A Stone Icon
People come from all over the world to visit Arches National Park, and visiting Delicate Arch is on the top of many visitors' to-do lists. In a park with over 2,000 stone arches, this particular free-standing arch has become a widely recognized symbol of the state of Utah and one of the most famous geologic features in the world.
The light opening beneath the arch is 46 feet high and 32 feet wide, making it the largest free-standing arch in the park. It has had more than a few names in its history, from the colorful ("Cowboy's Chaps", "Old Maid's Bloomers") to the prosaic ("Salt Wash Arch"). The term "Delicate" first appeared in a January 1934 article about the Arches National Monument Scientific Expedition, which described it as "the most delicately chiseled arch in the entire area."
It's difficult to see Delicate Arch from the main park road; you must get out of the car to view it. At Lower Delicate Arch Viewpoint, you can walk a level 100 yards (91 m) to see the arch from one mile away. Nearby, the Upper Viewpoint (0.5 mi / 0.8 km walk with stairs) offers a slightly less obstructed view.
The trail to see Delicate Arch up close and personal is 3 miles (4.8 km) roundtrip and climbs 480 feet (146m). Along this steadily uphill trail, you'll also pass the Wolfe Ranch cabin and a wall of Ute Indian petroglyphs.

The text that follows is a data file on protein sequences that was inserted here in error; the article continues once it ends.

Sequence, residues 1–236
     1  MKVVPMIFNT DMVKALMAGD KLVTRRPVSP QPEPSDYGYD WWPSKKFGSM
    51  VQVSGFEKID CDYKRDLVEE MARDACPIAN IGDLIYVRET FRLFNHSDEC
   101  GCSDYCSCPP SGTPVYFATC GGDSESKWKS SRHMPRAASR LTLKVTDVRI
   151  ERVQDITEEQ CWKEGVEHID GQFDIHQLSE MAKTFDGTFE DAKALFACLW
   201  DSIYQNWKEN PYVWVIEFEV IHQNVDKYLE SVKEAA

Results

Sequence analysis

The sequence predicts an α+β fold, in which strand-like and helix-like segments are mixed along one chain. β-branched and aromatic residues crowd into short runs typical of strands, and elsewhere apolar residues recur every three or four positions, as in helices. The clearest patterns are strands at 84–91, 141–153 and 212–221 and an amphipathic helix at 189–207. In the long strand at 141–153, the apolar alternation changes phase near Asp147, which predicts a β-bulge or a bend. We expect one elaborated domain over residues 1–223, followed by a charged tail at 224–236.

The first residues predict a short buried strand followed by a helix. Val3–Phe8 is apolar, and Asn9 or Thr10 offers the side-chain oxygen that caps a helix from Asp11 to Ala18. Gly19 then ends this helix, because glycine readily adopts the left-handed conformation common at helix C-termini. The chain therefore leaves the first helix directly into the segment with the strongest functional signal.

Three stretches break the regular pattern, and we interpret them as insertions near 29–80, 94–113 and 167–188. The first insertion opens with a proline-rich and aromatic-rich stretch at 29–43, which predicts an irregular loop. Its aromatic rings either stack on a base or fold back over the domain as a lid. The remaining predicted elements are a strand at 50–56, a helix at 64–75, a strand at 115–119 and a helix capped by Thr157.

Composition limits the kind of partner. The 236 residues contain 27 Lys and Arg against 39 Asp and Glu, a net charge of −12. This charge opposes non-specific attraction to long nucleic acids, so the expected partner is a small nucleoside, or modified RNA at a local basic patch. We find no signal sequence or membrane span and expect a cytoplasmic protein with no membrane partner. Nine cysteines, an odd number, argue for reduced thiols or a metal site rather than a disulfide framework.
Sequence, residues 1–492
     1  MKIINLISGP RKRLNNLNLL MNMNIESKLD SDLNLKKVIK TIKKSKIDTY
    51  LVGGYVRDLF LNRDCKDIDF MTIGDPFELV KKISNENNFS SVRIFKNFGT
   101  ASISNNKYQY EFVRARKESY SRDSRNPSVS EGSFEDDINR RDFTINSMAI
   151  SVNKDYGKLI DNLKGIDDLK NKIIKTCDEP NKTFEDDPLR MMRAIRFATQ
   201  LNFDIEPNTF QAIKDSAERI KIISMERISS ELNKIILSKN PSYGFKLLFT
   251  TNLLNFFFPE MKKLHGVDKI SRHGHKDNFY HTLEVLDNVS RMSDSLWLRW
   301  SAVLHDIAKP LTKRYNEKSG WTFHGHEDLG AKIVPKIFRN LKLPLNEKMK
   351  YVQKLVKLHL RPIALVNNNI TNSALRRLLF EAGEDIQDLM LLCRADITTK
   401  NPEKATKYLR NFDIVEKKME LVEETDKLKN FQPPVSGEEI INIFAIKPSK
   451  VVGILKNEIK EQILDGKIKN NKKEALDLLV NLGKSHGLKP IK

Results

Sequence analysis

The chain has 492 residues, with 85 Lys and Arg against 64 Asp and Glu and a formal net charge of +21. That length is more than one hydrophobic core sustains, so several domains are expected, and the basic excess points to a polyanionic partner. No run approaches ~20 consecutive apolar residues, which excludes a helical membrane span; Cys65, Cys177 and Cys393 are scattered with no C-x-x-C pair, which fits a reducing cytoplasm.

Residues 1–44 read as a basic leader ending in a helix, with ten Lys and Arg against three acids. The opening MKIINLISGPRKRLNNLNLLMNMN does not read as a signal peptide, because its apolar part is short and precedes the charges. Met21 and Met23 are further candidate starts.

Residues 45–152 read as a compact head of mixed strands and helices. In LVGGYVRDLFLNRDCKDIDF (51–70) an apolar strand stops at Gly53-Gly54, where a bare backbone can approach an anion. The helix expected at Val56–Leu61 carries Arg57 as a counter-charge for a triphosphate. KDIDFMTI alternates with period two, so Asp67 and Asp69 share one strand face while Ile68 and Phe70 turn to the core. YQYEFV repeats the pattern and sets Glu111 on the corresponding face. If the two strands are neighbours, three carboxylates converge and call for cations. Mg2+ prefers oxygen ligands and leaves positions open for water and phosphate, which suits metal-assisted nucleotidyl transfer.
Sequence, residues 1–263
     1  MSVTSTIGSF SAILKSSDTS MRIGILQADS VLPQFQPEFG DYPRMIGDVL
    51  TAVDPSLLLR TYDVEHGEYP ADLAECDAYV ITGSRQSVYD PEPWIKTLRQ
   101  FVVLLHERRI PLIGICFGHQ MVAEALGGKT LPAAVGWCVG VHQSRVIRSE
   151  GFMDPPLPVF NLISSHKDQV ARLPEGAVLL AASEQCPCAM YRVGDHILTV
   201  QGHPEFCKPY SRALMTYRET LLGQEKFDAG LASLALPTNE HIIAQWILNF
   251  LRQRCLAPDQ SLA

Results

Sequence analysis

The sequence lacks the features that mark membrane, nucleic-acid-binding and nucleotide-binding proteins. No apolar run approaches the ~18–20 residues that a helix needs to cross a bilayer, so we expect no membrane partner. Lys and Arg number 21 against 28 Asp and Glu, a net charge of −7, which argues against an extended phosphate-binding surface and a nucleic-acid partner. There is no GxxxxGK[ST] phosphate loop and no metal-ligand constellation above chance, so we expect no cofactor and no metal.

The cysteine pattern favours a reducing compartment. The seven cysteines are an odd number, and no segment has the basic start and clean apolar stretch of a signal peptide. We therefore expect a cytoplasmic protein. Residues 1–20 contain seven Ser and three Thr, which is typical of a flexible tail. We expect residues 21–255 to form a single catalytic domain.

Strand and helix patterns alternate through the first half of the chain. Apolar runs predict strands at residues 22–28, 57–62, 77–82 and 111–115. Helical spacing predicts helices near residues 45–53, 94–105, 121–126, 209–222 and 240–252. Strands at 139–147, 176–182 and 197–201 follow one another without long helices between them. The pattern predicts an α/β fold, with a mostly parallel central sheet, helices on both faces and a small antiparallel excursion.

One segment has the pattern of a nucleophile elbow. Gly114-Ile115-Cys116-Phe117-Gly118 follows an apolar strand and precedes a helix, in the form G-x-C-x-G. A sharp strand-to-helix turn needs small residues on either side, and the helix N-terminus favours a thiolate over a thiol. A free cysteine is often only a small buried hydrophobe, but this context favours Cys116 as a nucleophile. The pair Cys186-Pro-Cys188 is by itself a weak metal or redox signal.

On very busy days, parking lot for the trailhead at Wolfe Ranch will fill. There is additional parking at the Delicate Arch Viewpoint parking lot. If you walk from the viewpoint, you will have to hike 1 mile (1.6 km) along the road to the trailhead. The total roundtrip hike distance increases to 5 miles (8 km). The trail can be very busy through much of the year. Sunset is a particularly busy time; sometimes hundreds of people will be at Delicate Arch for sunset.
Protect your park. Protect yourself.
To protect the park, keep yourself safe, and allow everyone to enjoy their views of these geological formations, do not walk or climb on any arches.
Practice safe hiking. Avoid hiking in midday summer heat. Carry and drink water and eat salty snacks during your hike. Read more about staying safe.
Biological soil crust is a living groundcover that forms the foundation of high desert plant life in Arches and the surrounding area. This knobby, black crust is dominated by cyanobacteria, but also includes lichens, mosses, green algae, microfungi and bacteria. Soil crust binds sand and rock particles together which allows plants to establish their roots. They also provide desert plants moisture and nutrients in otherwise inhospitable environment. You can help preserve these fragile and unique life-forms by staying on established trails.
Consider your safety before attempting this hike during hot weather or winter ice.
Last updated: September 24, 2018